guest post : the pursuit of being a better money manager

October 2, 2013

Hi friends! Today’s post comes to you from my blog friend Stephany. She’s talking about something that is constantly on my mind: money management. I don’t get into it much here, but with a mortgage, lots of bills, one kid in daycare and another on the way, money can be tight and our dream is to overcome the worry that comes along with that and get to a place where we can give freely to causes we believe in. It’s a tough road though, and I always appreciate reading other people’s perspectives on it! Read more from Stephany on her blog.


I was aware from a young age that my parents struggled with their finances. My dad worked the late shift at a printing company and my mom was a preschool teacher, so money was always tight. My brother and I never went without, but we struggled and I knew all about the struggle. Add to the fact that my dad was a chronic gambler – and not a very good one – and what little income we had coming in was going out to fuel his habit.

When I was ten, I was given the role of a fish in a school play. It sounds silly, I know, but I was so darn proud and excited and happy for this role. The school play only had eight speaking parts and out of the entire fourth and fifth grade, I was selected! I felt amazing and was so excited to tell my mom about it when she picked me up from the bus stop that day. But when I did, I could tell she was a little nervous about how she was going to fit finding me a fish costume into our very tight budget. This was also in the spring, so fish costumes weren’t something we could just drive to our local Wal-Mart and pick up.

All throughout my life, I have known the struggle of finances and I promised myself I would never find myself in the same boat. I would never bring children into the world if I couldn’t afford them and if I do ever have children, I never want them to know what it’s like to struggle with money. Not that I don’t want them to learn responsible money behaviors (something I was never taught), but I don’t want them to worry about it in the way I did. A child should never have to worry about where their next meal is coming from or if this is the month they will be evicted from their apartment.

And now I sit here at 25 years old, with a college degree, a well-paying job, and a better understanding of what it means to manage money responsibly. I’m not saying I’ve gotten it right all the time. There have been plenty of learning experiences along the way. My credit score isn’t exceptional – thanks to a credit card I maxed out and couldn’t even pay the minimum balance on, school loans I defaulted on, and a huge medical bill I’ve yet to start paying on. I’ve made mistakes and I really wish I hadn’t made those mistakes, but there’s nothing I can do about them except work hard to not make them again.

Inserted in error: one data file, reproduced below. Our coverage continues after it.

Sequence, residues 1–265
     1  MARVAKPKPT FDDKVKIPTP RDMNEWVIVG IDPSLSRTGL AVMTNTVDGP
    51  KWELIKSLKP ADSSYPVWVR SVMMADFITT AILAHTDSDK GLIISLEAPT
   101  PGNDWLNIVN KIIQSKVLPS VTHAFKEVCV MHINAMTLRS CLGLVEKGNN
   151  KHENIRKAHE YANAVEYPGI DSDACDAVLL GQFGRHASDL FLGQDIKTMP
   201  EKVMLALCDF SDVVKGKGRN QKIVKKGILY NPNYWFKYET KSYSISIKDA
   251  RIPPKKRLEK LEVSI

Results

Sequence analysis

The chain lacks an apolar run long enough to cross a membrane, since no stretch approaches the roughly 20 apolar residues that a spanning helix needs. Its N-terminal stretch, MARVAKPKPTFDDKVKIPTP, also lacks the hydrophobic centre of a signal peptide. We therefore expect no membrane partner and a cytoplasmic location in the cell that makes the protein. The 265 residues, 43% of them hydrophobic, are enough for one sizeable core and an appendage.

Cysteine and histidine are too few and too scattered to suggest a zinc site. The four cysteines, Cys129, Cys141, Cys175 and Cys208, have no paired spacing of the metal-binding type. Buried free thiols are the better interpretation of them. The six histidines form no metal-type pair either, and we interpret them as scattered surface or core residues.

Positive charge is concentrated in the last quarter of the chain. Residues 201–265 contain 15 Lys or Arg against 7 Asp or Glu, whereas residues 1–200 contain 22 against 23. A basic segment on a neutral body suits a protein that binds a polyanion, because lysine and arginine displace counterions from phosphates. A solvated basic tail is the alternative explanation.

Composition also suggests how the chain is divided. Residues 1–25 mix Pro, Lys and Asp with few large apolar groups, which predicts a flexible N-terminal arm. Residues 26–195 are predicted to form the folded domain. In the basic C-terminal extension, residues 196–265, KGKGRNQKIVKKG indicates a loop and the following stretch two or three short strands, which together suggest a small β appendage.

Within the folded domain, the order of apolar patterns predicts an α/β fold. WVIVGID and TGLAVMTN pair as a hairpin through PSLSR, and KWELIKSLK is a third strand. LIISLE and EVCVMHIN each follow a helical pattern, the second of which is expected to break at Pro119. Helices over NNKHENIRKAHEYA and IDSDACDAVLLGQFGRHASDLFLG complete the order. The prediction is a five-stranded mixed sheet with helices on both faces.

I don’t want to let my parents’ mistakes with handling money and them not teaching me how to be responsible with it continue to affect the way I manage my money. Maybe that line of thinking worked when I was 18, but at 25, I’m smarter and a bit more wiser. I had to take my money habits into my own hands, forget about what my parents did, and create habits that fit my lifestyle. I had to learn to create a budget that would work for me. Something that would take into account my bills, savings, and fun money. I had to decide how much fun money I needed on a weekly basis and develop a system. I’m not always perfect and I still could do a lot better, but I’m learning. Every new pay period is a chance to do better and hone my spending and saving habits.

The truth of the matter is, whether you had parents that modeled perfect money management behaviors or parents that modeled awful money management behaviors, it’s up to you to figure out a system that works for your budget and your wants and your needs. It doesn’t matter what your parents did. You have to figure out what system works best for you and what priorities you place on what.

Learning good money management behaviors is not something I had the privilege of witnessing growing up. But maybe it was a good thing. I learned the struggle. I learned what I don’t want out of my life. I learned to be so grateful to not have the struggle now and be able to do fun things, like go on cruises and take weekend trips to Orlando and get pedicures whenever I want. And I learned to grow into my own money manager. It’s been a journey and there’s really no end to it. There are still so many areas for me to grow and learn and get better.

When it comes to money and budgeting, I may not have had the best role models growing up but it has allowed me the experience of learning as I go along and honing my own budgeting behaviors. And I’m just going to feel incredibly thankful I get the chance to do that.

Posted in: personal, domestication, personal

Comments on guest post : the pursuit of being a better money manager

  1. 1

    From Amanda:

    I can so relate to this. Sometimes you have great habits modeled for you and you learn what to do, but I’m also in the boat of having learned what NOT to do. I love what you said about mistakes. You can’t beat yourself up about them, they’re made. You just get an opportunity to learn and modify for the future!

  2. 2

    From Sarah:

    Great guest post. I really feel that some sort of “money management 101” course should be required in high school or college. It’s a hugely important subject that too many people have to learn the hard way!

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